This is all lovely, but does Maginnis believe that Princeton moms who work don’t read to their kids? That we don’t read long books, classic books (she went for Pinocchio; we recently did Peter Pan), and so forth? Reading is not unique to stay-at-home mothers. It’s not even unique to moms. My husband read Mrs. Frisby and the Rats of NIMH to our boys. Grandma’s reading Charlotte’s Web. In 168 Hours I talk about a Princeton alum — a man who runs a major investment fund — doing book clubs with his five kids, grouped by age, in which they read through classics like Huckleberry Finn. People who love literature share it with the kids in their lives. Some of us share our love of literature by writing books, too. My 6-year-old wants to be an author. If I were not making time in my life to write books — making time because that’s my paid work — he might not see that as a possibility. As it is, according to the American Time Use Survey, the average married SAHM of pre-schoolers reads to them for 0.12 hours per day, or 0.84 hours per week, which is about 50 minutes. Do SAHM Ivy League moms read to their children more? Probably. But I’m guessing many employed Ivy League moms do too. I log my time and it’s well over that.
Maginnis goes on to talk of music. “Sometimes we turn on the radio and guess the composer. I’ve had a love of classical music since I was little because my own mother played it. By the time I got to Princeton, I really wanted to know more, and I began music classes with a curiosity and delight that I owe to my mother. She, in turn, had leaned it from her stay-at-home mother, a graduate of Radcliffe.”
Again, does she think that mothers who work don’t love music and share that love with their kids? I took music classes at Princeton with “curiosity and delight.” I’ve continued my love of music beyond Princeton, singing in a choir for years, and now, through my volunteering and donations (can I use the word “philanthropy”??), I’m encouraging the composition of new music.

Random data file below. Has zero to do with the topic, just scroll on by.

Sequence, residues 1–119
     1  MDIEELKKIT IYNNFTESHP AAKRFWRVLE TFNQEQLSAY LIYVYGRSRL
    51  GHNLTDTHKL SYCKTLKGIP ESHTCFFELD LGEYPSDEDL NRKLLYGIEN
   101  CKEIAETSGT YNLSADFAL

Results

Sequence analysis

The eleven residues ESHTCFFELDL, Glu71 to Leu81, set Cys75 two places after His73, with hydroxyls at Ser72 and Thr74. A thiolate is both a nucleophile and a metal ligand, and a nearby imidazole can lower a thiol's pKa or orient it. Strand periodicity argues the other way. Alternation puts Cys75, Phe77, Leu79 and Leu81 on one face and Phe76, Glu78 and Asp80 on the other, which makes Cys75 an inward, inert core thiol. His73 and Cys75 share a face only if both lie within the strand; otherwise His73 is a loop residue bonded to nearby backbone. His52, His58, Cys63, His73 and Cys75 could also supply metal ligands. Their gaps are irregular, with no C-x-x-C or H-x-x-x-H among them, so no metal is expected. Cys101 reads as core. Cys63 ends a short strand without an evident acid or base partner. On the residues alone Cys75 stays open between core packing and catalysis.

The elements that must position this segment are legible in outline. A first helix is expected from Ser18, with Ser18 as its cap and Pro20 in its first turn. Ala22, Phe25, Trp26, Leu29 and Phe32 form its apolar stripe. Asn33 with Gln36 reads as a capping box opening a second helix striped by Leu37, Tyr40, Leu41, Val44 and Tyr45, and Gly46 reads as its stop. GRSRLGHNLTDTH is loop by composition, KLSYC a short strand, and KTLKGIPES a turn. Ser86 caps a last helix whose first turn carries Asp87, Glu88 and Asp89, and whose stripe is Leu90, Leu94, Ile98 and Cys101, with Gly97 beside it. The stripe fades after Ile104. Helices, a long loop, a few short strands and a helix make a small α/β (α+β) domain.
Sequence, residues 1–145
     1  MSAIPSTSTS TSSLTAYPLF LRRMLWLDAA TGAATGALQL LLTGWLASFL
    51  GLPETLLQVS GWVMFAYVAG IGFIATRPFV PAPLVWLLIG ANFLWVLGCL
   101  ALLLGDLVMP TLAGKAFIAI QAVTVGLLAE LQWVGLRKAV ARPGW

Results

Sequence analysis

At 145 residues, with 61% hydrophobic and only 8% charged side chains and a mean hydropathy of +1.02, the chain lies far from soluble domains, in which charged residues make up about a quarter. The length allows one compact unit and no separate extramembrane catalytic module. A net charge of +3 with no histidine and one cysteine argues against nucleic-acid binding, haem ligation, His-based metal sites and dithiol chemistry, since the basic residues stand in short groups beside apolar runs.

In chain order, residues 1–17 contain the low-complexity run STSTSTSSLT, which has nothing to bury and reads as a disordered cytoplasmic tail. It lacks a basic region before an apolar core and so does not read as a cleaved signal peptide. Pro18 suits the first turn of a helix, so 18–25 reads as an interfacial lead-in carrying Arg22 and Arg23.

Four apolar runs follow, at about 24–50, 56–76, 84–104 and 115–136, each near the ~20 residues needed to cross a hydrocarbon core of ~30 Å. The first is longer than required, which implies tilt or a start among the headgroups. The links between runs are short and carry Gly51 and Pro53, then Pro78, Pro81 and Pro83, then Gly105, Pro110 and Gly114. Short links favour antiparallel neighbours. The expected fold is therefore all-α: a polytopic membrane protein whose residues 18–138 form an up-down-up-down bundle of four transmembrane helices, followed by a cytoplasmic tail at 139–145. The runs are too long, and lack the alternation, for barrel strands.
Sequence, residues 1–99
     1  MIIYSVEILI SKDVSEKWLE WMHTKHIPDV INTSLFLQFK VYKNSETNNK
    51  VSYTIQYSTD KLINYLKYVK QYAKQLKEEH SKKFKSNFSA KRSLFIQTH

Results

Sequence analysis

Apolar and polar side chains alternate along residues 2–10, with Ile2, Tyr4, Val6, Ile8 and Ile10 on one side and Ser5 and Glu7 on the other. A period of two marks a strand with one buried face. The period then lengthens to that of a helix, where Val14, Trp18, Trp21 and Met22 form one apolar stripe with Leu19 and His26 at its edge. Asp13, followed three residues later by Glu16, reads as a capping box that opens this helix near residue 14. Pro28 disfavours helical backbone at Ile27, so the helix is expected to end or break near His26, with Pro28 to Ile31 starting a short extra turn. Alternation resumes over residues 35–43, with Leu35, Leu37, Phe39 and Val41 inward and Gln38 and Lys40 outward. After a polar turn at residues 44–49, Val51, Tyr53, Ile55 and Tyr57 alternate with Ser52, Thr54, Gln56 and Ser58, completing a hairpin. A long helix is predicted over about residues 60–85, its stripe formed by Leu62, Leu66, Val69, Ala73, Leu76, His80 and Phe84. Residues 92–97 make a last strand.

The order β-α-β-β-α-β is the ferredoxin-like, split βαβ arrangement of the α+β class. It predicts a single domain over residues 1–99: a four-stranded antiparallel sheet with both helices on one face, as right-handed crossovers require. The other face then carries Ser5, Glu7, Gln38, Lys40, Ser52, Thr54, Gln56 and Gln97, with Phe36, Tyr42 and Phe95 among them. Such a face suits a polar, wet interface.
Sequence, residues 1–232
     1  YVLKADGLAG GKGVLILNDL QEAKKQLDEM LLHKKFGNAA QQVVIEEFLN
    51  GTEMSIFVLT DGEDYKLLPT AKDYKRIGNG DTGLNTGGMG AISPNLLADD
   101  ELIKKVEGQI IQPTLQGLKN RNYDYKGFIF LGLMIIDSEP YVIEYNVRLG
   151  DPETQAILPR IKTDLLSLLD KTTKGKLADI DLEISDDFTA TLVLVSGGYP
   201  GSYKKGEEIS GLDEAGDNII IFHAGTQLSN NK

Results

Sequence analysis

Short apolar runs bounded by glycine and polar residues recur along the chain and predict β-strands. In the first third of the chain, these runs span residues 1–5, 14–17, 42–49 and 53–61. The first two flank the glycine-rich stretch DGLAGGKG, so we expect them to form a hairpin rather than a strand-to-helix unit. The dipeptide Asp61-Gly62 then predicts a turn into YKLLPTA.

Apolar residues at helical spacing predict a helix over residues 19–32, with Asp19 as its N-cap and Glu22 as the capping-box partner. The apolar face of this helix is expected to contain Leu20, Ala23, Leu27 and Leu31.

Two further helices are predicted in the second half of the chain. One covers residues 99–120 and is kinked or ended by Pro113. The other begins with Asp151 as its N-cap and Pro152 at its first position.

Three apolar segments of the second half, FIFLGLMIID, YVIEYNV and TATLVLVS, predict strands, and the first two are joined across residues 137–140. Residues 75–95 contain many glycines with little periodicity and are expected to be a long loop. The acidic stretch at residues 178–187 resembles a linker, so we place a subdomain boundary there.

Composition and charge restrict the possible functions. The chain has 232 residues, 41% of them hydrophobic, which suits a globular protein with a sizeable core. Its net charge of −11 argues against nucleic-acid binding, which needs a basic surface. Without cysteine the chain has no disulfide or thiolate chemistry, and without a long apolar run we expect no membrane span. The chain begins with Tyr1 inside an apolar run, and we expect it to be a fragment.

Perhaps I got my love of music from my mother, who studied music in college. But this isn’t a unique contribution of stay-at-home mothers. My mother worked. There are 168 hours in a week, and there is plenty of time available in those 168 hours for reading literature and sharing music, even if you work for some of those hours too.
But I think we get at the issue with Maginnis talking of her own stay-at-home mom, and her mother staying at home too. In Maginnis’s family, we have multiple generations where it is the norm that the mother does not pursue a career when the children are little. It is a human tendency to see what we know as the correct state of affairs, the way that is right. Others with different life stories must not do the things we do. When people have made profoundly different choices, it is hard to imagine that we might, in fact, have similarities in our lives.
I don’t deny that “when a highly educated woman is home with her children day in and day out, she weaves the riches of her education into their lives in continuous, subtle, living ways.” But I do know, from the time logs I study, that women with lots of professional achievements to their names spend vast hours with their children, too. No doubt they weave the riches of their education into their children’s lives — and the riches of their professional lives into their children’s experiences and expectations as well. If we’re using personal examples, my son’s preschool has benefited from presentations from a vet, a doctor, and so forth. All moms.
And some of us are figuring out our own ways to create the mosaic of our lives. On Tuesday this week, the day I wrote a draft of this, I celebrated the launch of What the Most Successful People Do Before Breakfast. I did several media interviews, interviewed people for other projects, dealt with various editors, and yet I ate lunch with my kids. Incidentally, so did my husband. It’s a false choice to believe that even traditionally employed people are locked in cages at their desks during the day. I played with my sons during my toddler’s nap. I spent a relaxed evening reading with my daughter. I take my work very seriously, but there are lots of ways to work.
Personally, I’m excited to know that my daughter will grow up knowing you can have a full and wonderful life, that parents can be deeply involved with their children, and deeply committed to their careers, too.
This is not either/or; my Princeton degree helps me see possibilities.
In other news: Give Me 10 — a website about using bits of time for bits of joy — does a video interview with me on my new book. Which came out Tuesday. Have you gotten your copy yet?
Photo courtesy flickr user wsilver